Jazz Walking Bass

Blues in F
All of the following exercises are based on typical 12 bar jazz blues in the key of F : F7 | Bb7 | F7 | % | Bb7 | % | F7 | D7 | Gm7 | C7 | F7 D7 | Gm7 C7 | This first exercise shows a walking line consisting of each chord’s arpeggio with occasional scale passages. Although it works and doesn’t sound “wrong”, it doesn’t sound particularly jazzy.

Although Bars 11 & 12 are based on the F major scale, if you compare them to the chord changes you will see that they also outline the chords by using the roots thirds and fifths. The next example is almost identical but this time we use “chromatic approach notes” at the end of each bar. This basically means that we use notes outside the normal harmony which move by a semitone either up or down to the next note. This creates a tension ( the unexpected “out” note ) and release ( the resolution to the expected note ) which is the key to making a line sound jazzier. Note that the downbeat of each bar is still a strong chord tone, in this case always the root. This means that, even though we’ve added some unusual notes, you are still clearly outlining the chord changes. There may be times where you want to intentionally “blur” the harmony but it is best to start by learning the rule of clearly outlining the harmony at all times.

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© A Vaughan 2004

An example of this can be found in bars 9-11 where the Gm7 ( second chord in F major ) moves to C7 ( fifth chord in F major ) before resolving to F. A “functioning Dominant chord” is a 7 chord that resolves up a fourth ( or down a fifth) to another chord eg the F7 in bar 4 that resolves to Bb7 and the D7 that resolves to Gm7 in bar 8. 2 © A Vaughan 2004 . Note that the pianist or guitarist may not play these substitutions but the bass line will still work. A II-V progression is one that moves. from the second chord of a scale to the fifth chord. All jazz players have a mental directory of II-V patterns. by using this principle. The II-V progression is one of the building blocks of jazz harmony so you should try to become as familiar with it as possible. we can create the following progression ( the new chords are in bold): F7 | Bb7 | F7 |Cm7 F7 |Bb7 | % | F7 | Am7 D7 | Gm7 | C7 | F7 D7 | Gm7 C7 | The following example uses this progression.A common way to change the chords in a jazz progression is to change functioning Dominant chords into II-V progressions. You can also turn the 11th bar into a II-V by substituting Am7 for the F resulting in Am7-D7 resolving to the Gm7 at the start of Bar 12. So. not surprisingly. This usually then resolves to the root chord of the scale.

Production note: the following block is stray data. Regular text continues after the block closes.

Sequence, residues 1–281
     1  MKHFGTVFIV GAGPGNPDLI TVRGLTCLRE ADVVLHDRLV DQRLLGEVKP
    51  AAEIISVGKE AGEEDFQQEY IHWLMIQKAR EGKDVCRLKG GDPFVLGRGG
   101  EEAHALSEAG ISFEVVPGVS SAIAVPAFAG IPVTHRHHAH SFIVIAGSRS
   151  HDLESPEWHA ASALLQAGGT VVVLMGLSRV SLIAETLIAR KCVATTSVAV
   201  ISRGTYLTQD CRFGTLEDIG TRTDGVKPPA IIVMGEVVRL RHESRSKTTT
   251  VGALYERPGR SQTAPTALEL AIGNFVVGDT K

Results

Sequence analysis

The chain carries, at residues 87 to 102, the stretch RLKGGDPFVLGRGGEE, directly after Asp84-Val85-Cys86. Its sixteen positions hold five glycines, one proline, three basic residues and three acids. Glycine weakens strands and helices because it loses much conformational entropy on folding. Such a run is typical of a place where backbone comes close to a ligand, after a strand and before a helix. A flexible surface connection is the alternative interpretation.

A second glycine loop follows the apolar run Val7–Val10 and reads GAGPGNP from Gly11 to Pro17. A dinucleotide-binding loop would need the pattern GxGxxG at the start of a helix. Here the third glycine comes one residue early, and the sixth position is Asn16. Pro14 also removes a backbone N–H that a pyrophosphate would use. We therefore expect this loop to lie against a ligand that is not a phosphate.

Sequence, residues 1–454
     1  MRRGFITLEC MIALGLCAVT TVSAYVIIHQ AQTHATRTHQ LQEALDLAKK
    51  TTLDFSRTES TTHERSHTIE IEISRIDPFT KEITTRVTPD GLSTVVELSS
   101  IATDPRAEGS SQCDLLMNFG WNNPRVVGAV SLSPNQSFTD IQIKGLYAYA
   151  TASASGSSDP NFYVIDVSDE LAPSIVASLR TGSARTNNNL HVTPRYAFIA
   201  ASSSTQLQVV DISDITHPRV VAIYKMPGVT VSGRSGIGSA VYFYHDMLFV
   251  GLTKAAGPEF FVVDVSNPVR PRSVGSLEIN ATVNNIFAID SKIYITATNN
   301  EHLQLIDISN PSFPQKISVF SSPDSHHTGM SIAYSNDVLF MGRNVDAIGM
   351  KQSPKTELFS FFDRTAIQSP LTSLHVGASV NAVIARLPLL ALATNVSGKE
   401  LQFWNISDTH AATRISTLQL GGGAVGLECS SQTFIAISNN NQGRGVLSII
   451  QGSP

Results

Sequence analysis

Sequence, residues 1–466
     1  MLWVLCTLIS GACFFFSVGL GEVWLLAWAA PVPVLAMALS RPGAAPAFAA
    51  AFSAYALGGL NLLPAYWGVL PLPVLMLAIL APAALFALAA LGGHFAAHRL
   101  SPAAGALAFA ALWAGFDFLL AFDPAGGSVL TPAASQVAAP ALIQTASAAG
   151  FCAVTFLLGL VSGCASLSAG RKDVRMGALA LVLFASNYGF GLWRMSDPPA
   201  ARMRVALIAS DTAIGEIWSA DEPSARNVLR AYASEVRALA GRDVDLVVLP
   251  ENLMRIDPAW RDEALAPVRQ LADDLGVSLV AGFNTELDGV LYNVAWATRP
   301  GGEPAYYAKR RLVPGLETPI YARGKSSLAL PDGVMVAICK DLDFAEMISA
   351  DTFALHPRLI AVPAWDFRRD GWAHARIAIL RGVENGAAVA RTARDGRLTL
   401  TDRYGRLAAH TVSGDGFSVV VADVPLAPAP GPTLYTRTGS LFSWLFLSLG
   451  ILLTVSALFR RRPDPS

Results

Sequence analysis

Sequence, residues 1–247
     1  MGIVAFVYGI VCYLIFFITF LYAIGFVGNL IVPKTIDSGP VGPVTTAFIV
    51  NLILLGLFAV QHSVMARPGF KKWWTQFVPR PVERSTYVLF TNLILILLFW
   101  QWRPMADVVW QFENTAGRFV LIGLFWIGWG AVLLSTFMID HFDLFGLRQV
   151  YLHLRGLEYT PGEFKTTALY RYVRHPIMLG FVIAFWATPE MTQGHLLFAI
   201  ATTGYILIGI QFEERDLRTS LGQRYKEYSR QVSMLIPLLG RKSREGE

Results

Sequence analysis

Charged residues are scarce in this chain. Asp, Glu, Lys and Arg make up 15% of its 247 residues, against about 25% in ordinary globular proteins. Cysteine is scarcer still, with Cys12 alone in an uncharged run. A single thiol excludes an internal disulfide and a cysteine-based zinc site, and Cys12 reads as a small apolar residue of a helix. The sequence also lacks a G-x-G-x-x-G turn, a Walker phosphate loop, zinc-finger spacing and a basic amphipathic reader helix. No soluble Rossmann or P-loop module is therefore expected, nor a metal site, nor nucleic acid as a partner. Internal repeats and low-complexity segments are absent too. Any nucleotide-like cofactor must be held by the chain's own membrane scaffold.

3 © A Vaughan 2004 . How does this work? If we look at the spelling of these two chords we can see that the only difference is the root: Bb7 – Bb D F Ab Bdim7 – B D F Ab Again this is a common substitution but should be used with caution as the semitone difference can be a little unpleasant if the chordal instrument happens to play a low Bb as you play B! The next example shows a chorus with the sixth bar played as Bdim7: As I’m sure you can imagine.Another simple change is to make the second bar of Bb7 ( the 6th bar of the progression) into B diminished 7. this only scratches the surface of what can be done with the blues form. Later lessons will look at other variations.